492 F. App’x 567, 570 (6th Cir. 2012). Because Ohio law does not create a liberty interest in
parole, Plaintiff cannot state a viable § 1983 due process claim challenging Defendants’
Moreover, all of the Defendants are protected by absolute immunity in the performance
of tasks related to the evaluation and adjudication of alleged parole violations. See Horton v.
Martin, 137 F. App’x 773, 775 (6th Cir. 2005). While absolute immunity does not protect Parole
Authority personnel in purely investigative functions, see Draine v. Leavy, 504 F. App’x 494,
496 (6th Cir. 2102), Plaintiff’s allegations relate to the adjudicatory phase of his parole
revocation and not the investigation. Accordingly, Defendants are absolutely immune from suit
with respect to their actions at the January 2017 parole revocation hearing.
D. Defendant Hooks
Plaintiff has named Mark Hooks, the Warden of Ross Correctional Institution, as a
defendant, but his only allegation against Mr. Hooks is that he maintains a policy of issuing
badges to inmates. Plaintiff apparently objects to this policy because the badge issued to him
bears his name, which he purports to have trademarked. That allegation has no relationship to
Plaintiff’s claims in this action. For that reason, it is recommended that Mark Hooks be
dismissed from this action.
E. The Ohio Adult Parole Authority
On September 28, 2017, several months after he had filed his motion for leave to proceed
in forma pauperis in this action, Plaintiff submitted an addendum to his Complaint in which he
indicated that he wished to add the Ohio Adult Parole Authority as a defendant. Plaintiff
explicitly indicated that his claims against the Ohio Adult Parole Authority were the same as
those asserted against the individual defendants in his original complaint.
Plaintiff has not stated a claim against the Ohio Adult Parole Authority upon which this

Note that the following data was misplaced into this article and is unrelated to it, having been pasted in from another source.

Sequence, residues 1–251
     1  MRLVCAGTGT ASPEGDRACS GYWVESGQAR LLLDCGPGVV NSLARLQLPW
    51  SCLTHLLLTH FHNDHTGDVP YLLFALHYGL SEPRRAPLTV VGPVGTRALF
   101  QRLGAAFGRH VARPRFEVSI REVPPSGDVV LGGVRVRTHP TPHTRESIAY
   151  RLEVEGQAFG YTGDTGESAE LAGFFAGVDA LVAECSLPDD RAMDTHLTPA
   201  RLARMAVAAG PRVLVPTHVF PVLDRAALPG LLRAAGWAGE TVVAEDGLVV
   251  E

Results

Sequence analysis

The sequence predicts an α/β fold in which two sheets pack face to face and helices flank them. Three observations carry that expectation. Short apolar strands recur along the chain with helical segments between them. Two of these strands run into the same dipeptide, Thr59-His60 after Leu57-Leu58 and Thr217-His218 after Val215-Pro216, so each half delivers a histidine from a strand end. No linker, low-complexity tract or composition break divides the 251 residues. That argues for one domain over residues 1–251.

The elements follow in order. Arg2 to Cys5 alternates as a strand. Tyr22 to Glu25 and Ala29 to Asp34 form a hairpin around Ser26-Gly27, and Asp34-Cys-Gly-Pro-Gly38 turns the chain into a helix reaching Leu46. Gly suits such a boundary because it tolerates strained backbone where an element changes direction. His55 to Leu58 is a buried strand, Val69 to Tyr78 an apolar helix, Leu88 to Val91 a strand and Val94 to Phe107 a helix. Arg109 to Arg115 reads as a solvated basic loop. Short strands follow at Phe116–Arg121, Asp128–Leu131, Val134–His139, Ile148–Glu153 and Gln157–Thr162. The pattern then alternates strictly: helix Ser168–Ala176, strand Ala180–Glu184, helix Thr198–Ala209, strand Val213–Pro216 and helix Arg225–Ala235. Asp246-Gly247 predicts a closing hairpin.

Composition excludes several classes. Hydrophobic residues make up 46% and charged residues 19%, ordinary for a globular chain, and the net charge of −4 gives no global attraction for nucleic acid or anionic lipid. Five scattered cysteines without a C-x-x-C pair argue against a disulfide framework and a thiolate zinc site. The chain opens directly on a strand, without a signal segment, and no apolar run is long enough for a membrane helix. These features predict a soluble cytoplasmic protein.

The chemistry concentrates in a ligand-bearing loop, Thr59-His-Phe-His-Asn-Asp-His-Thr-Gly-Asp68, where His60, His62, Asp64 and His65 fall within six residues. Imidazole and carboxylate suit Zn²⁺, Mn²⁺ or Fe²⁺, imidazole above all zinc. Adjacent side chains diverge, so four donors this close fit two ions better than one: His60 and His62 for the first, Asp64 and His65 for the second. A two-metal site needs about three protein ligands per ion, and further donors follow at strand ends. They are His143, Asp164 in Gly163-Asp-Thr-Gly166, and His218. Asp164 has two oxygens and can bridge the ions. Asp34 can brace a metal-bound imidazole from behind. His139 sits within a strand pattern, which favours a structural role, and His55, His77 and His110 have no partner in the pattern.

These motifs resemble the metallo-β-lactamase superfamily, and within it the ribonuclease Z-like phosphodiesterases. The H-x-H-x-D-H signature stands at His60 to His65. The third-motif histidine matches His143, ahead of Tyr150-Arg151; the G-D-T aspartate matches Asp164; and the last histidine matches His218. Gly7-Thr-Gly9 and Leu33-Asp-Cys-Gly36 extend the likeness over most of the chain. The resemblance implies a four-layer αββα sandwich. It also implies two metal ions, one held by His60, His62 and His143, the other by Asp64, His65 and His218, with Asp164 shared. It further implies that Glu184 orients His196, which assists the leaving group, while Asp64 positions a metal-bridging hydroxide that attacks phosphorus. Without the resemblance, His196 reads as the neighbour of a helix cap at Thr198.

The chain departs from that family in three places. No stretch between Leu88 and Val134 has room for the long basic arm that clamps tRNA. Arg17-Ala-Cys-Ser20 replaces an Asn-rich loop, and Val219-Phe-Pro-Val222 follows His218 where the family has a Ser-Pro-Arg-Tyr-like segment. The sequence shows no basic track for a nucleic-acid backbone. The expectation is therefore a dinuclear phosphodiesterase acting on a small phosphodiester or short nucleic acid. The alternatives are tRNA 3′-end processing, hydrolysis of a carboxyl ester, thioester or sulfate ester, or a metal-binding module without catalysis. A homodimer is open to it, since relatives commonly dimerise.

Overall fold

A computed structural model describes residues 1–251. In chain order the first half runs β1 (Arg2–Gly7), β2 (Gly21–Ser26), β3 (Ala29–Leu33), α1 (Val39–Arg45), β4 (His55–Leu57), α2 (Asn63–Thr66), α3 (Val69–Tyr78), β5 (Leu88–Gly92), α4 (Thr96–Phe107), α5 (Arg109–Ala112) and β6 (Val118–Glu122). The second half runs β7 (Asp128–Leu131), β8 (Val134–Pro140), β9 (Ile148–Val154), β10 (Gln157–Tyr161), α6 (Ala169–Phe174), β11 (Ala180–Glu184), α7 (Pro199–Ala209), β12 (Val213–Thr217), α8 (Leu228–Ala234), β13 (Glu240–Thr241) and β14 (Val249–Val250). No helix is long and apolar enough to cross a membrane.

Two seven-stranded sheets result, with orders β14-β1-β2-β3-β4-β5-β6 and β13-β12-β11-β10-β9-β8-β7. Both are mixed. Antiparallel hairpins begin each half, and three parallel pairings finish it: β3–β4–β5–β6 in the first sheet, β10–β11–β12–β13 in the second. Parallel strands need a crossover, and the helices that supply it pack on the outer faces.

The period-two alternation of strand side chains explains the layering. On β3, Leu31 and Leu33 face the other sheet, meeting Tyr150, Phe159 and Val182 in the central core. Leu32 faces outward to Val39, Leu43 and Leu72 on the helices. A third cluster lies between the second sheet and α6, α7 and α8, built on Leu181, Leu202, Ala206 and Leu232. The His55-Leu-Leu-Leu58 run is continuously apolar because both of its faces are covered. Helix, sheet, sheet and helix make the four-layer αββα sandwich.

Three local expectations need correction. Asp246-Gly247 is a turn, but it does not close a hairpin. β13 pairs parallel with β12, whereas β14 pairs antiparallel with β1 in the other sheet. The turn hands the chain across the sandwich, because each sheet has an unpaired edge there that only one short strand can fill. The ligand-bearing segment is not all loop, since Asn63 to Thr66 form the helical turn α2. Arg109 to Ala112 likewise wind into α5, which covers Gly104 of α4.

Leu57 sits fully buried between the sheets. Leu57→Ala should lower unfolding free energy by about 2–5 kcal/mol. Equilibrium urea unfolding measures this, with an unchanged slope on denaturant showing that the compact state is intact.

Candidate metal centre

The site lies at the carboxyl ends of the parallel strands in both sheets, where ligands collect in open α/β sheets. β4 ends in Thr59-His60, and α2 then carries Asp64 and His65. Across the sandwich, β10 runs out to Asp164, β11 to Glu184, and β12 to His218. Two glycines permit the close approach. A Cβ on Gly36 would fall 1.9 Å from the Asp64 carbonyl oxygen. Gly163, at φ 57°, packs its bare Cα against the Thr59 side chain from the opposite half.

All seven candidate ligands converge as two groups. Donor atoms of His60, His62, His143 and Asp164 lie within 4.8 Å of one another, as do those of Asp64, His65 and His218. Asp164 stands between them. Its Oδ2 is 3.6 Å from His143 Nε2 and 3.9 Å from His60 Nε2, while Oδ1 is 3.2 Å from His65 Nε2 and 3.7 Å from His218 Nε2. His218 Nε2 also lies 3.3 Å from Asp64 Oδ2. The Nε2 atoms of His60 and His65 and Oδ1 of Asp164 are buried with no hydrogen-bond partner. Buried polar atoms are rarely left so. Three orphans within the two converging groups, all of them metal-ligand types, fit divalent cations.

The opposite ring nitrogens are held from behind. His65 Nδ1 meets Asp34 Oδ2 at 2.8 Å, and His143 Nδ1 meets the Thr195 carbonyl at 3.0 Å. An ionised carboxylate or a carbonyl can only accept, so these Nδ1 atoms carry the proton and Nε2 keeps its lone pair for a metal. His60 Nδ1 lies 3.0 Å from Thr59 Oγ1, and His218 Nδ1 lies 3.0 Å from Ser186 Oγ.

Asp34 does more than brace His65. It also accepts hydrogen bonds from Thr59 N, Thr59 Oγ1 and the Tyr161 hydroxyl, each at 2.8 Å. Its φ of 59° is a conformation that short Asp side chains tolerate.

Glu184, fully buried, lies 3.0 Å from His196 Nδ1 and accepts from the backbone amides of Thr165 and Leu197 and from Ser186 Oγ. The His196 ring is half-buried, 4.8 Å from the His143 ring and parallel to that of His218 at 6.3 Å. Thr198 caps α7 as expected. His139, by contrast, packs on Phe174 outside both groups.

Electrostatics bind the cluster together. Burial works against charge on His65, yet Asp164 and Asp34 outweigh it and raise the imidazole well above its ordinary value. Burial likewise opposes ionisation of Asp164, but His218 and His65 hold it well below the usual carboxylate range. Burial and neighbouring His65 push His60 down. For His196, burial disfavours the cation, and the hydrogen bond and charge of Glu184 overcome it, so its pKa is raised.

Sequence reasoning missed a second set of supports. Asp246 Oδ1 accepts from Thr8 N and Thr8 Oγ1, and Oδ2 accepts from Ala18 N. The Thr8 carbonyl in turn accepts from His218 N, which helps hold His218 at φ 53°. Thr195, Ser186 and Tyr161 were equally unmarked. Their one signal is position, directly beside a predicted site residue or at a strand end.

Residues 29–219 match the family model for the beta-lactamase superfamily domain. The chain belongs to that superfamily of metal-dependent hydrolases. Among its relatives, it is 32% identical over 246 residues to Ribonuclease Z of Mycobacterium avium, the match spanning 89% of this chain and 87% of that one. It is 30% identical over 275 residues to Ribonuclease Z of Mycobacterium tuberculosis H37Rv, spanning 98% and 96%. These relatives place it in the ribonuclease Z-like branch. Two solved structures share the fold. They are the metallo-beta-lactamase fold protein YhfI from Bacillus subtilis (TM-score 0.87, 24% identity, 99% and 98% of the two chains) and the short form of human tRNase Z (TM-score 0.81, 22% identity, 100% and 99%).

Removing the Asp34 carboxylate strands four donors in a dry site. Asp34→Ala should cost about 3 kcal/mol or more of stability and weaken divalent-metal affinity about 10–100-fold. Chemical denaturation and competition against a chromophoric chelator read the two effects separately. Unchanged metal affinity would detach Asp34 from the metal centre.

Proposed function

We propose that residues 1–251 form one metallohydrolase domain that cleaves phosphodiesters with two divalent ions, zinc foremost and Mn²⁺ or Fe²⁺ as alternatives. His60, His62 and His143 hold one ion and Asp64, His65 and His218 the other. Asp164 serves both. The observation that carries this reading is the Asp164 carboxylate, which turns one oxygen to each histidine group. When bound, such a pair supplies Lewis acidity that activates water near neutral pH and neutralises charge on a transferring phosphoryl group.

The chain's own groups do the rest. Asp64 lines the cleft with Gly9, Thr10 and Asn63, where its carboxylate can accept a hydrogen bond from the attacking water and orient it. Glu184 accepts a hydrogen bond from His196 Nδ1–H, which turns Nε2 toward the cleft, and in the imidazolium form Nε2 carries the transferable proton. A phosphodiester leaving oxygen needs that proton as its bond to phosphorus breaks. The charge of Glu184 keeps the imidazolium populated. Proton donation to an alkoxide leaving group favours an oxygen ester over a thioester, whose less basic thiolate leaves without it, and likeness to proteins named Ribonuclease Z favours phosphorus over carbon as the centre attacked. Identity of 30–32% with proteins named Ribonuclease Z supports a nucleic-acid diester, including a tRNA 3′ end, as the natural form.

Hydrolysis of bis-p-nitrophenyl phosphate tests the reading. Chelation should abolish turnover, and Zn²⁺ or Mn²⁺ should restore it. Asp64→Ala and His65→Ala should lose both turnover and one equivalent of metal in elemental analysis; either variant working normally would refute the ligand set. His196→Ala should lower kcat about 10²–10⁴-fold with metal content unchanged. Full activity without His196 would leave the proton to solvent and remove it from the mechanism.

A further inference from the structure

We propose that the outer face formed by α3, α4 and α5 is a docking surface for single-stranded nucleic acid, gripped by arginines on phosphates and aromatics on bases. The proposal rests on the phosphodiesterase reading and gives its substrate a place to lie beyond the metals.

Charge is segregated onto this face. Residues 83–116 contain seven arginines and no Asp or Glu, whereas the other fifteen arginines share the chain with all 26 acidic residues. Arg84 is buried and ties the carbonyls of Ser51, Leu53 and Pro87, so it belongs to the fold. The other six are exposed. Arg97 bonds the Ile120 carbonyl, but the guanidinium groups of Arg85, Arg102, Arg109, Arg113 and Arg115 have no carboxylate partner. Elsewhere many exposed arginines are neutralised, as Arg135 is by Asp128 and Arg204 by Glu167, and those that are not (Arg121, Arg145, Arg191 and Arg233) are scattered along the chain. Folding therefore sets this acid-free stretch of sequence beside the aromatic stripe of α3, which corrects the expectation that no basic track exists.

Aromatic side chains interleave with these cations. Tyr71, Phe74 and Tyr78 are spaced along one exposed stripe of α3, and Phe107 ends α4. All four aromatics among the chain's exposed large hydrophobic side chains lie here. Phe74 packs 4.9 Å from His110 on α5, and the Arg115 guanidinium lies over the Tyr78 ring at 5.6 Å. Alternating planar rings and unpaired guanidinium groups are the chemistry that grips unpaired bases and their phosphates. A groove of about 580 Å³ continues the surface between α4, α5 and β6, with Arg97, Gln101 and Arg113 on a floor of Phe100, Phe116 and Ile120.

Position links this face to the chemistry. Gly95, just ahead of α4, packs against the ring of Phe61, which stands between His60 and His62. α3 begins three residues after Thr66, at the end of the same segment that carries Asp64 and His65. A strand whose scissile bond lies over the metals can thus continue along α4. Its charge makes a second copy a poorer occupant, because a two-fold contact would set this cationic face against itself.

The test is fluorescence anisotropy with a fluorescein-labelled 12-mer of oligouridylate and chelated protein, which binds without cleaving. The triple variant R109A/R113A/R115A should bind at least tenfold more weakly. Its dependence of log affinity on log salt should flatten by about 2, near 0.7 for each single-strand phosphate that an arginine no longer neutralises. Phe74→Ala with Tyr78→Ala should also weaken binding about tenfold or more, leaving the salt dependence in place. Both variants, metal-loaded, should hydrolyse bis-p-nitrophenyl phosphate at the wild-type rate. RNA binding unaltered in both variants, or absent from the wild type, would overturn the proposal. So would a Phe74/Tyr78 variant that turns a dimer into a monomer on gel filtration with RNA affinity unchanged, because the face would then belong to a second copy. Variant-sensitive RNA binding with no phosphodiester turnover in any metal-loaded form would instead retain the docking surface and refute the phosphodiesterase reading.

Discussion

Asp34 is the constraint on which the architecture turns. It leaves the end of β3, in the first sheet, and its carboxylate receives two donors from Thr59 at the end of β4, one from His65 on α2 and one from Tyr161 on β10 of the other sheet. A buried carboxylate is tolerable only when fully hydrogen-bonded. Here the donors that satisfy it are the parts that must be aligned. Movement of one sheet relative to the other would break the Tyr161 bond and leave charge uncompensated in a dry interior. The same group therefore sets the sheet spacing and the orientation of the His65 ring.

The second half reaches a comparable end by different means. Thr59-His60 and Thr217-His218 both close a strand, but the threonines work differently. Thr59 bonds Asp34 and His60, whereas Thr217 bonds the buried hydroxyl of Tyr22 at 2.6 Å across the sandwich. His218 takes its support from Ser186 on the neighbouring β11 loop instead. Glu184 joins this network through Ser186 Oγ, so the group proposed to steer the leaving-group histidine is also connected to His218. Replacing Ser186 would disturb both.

Court may grant relief. The Ohio Adult Parole Authority is a state agency. See Ohio Rev. Code
§ 5149.02; Holson v. Good, 579 F. App’x 363, 366 (6th Cir. 2014). Absent an express waiver,
the Eleventh Amendment to the United States Constitution bars a suit against a state agency in
federal court regardless of the nature of the relief sought. Seminole Tribe of Florida v. Florida,
517 U.S. 44, 58 (1996). The State of Ohio has not waived its Eleventh Amendment immunity
for purposes of suits like this one, and the exceptions to immunity do not apply. See Mixon v.
Ohio, 193 F.3d 389, 397 (6th Cir. 1999). Therefore, the Ohio Adult Parole Authority is immune
from suit in this case, and Plaintiff claims against it should be dismissed.
In sum, because Plaintiff has failed to state a claim upon which relief may be granted, it
is RECOMMENDED that the Court DISMISS Plaintiff’s Complaint in its entirety pursuant to
For the reasons set forth above, Plaintiff Hairston’s motion for leave to proceed in forma
pauperis under 28 U.S.C. § 1915(a)(1) and (2) is GRANTED. (ECF No. 1.) In addition, it is
RECOMMENDED that the Court DISMISS Plaintiff’s Complaint in its entirety pursuant to 28
U.S.C. §§ 1915(e)(2)(B) and 1915A.
The Clerk of Court is DIRECTED to mail a copy of this Order to Plaintiff and the prison
cashier’s office. The Clerk is further DIRECTED to forward a copy of this Order to the Court’s
financial office in Columbus. Finally, the Clerk is DIRECTED to send a copy of this order to
the Ohio Attorney General’s Office, 150 E. Gay St., 16th Floor, Columbus, Ohio 43215.
PROCEDURE ON OBJECTIONS
If Plaintiff seeks review by the District Judge of this Report and Recommendation, he
may, within fourteen (14) days, file and serve on all parties objections to the Report and
Recommendation, specifically designating this Report and Recommendation, and the part in
question, as well as the basis for objection. 28 U.S.C. § 636(b)(1); Fed. R. Civ. P. 72(b).
Response to objections must be filed within fourteen (14) days after being served with a copy.
Fed. R. Civ. P. 72(b).
Plaintiff is specifically advised that the failure to object to the Report and
Recommendation will result in a waiver of the right to de novo review by the District Judge and
waiver of the right to appeal the judgment of the District Court. See, e.g., Pfahler v. Nat’l Latex
Prod. Co., 517 F.3d 816, 829 (6th Cir. 2007) (holding that “failure to object to the magistrate
judge’s recommendations constituted a waiver of [the defendant’s] ability to appeal the district
court’s ruling”); United States v. Sullivan, 431 F.3d 976, 984 (6th Cir. 2005) (holding that
defendant waived appeal of district court’s denial of pretrial motion by failing to timely object to
magistrate judge’s report and recommendation). Even when timely objections are filed,
appellate review of issues not raised in those objections is waived. Robert v. Tesson, 507 F.3d
981, 994 (6th Cir. 2007) (“[A] general objection to a magistrate judge’s report, which fails to
specify the issues of contention, does not suffice to preserve an issue for appeal . . . .”) (citation
IT IS SO ORDERED.
/s/ Chelsey M. Vascura
CHELSEY M. VASCURA
UNITED STATES MAGISTRATE JUDGE